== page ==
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ACOG Joins Opposition to Mandatory HPV Vaccine Requirement for Immigrant Girls and Women

February 2, 2009

Washington, DC -- The American College of Obstetricians and Gynecologists (ACOG) joins more than 100 organizations representing immigrants' rights, women's rights, public health, medicine, and reproductive justice in urging the Centers for Disease Control and Prevention (CDC) to remove the human papillomavirus (HPV) vaccine from the list of required vaccinations for female immigrants seeking permanent residence or entry to the US. ACOG also supports the request that the CDC direct the US Office of Citizenship and Immigration Services to suspend the HPV vaccination requirement for immigrants seeking to adjust their immigration status or to obtain visas to the US.

In a January 26 letter to Richard Besser, MD, acting director of the CDC, ACOG was among those organizations voicing collective opposition to the recent requirement that female immigrants ages 11 to 26 be immunized against HPV. The requirement was finalized in July 2008 and took effect in August. The organizations request that the CDC direct the Advisory Committee on Immunization Practices (ACIP)* to modify its recommendation to state that the HPV vaccination should not be mandated for immigrants. ACIP recommended in 2007 that the HPV vaccine be administered to females ages 11 to 26 in the US. This recommendation then became an automatic requirement for prospective immigrants when the government updated its vaccination list in July 2008.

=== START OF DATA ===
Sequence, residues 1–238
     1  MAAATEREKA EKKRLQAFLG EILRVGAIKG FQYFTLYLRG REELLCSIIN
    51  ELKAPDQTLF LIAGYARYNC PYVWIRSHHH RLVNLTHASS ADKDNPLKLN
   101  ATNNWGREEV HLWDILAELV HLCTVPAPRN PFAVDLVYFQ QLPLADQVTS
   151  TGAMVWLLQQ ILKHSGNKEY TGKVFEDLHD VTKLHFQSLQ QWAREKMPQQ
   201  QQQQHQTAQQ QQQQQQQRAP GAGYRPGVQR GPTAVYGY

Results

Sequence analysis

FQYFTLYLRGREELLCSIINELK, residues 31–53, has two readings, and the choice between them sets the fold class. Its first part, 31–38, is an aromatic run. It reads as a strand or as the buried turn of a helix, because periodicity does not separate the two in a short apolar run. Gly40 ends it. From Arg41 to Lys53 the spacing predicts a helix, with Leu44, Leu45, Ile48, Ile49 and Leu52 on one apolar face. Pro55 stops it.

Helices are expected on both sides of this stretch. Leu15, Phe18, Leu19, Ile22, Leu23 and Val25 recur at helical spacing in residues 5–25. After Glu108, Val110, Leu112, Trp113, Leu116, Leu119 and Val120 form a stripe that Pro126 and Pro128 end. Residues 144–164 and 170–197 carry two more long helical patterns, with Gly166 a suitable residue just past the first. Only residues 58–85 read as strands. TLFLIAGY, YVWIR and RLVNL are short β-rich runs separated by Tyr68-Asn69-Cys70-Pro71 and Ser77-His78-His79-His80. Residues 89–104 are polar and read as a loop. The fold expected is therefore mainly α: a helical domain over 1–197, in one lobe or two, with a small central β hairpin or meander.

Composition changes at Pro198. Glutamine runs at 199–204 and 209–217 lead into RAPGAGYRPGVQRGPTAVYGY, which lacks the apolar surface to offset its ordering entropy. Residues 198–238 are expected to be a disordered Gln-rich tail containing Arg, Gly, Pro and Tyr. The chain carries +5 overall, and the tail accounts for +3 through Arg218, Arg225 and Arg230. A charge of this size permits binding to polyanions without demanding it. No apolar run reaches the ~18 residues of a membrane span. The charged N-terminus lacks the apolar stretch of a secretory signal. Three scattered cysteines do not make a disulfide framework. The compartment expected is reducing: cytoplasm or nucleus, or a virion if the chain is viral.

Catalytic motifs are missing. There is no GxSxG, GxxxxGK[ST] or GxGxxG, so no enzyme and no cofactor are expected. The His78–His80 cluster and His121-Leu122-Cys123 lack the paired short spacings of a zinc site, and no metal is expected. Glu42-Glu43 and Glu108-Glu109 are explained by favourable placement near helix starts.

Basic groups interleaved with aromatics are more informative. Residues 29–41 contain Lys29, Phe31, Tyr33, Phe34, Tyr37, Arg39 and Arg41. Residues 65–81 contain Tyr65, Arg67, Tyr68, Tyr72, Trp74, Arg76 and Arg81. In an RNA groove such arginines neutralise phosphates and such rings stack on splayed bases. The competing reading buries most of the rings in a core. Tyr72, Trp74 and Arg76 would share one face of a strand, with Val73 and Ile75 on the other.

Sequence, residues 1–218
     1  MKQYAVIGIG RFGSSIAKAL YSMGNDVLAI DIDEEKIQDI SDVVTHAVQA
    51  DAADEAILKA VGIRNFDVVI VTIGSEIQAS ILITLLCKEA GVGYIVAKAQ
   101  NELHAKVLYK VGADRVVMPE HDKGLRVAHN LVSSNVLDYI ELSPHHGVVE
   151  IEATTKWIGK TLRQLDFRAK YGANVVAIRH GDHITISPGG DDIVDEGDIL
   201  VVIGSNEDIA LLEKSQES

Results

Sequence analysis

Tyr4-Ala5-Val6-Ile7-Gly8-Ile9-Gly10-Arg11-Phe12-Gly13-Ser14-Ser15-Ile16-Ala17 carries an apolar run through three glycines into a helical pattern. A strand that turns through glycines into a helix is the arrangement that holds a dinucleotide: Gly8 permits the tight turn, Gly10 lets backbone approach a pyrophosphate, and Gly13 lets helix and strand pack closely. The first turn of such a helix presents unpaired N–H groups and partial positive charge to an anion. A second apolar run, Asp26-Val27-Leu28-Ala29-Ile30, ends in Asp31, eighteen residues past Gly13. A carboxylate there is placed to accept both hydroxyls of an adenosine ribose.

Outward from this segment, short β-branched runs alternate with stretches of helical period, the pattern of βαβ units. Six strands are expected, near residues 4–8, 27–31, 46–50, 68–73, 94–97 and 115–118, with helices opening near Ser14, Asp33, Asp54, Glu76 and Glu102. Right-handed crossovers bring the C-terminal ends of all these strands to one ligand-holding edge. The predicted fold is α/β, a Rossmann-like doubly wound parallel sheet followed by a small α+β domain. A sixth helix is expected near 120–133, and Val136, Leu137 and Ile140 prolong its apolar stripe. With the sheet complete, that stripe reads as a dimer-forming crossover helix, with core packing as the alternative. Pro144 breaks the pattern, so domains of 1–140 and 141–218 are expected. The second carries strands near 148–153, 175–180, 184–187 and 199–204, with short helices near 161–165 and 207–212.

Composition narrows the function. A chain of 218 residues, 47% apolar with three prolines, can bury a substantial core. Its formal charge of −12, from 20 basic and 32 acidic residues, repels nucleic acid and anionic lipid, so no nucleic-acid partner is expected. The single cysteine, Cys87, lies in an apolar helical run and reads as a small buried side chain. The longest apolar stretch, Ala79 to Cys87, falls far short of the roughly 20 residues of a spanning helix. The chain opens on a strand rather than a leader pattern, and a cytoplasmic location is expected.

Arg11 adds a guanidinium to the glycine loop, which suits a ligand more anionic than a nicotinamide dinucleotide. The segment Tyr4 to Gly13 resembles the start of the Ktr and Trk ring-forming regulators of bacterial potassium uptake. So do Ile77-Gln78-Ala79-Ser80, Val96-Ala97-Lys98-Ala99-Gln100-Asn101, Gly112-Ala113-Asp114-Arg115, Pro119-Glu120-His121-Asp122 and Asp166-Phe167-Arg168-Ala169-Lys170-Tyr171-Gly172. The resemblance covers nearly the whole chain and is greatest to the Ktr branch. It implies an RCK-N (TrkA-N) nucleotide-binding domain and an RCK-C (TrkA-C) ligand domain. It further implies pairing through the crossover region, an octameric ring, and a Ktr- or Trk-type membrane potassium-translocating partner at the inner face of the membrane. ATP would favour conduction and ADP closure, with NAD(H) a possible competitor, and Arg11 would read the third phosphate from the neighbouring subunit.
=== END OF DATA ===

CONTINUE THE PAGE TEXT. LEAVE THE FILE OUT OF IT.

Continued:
Although ACOG strongly recommends the HPV vaccine, it does not support mandatory HPV vaccination. Prospective immigrant women should have the same opportunity as American women to make an informed decision about whether or not to be vaccinated against HPV.

 

*ACIP consists of 15 experts in the fields associated with immunizations who are selected by the secretary of the US Department of Health and Human Services to provide advice and guidance to the secretary, the assistant secretary for health, and the CDC on the control of vaccine-preventable diseases. ACIP develops written recommendations for the routine administration of vaccines to children and adults in the civilian population.

The American College of Obstetricians and Gynecologists is the national medical organization representing over 52,000 members who provide health care for women.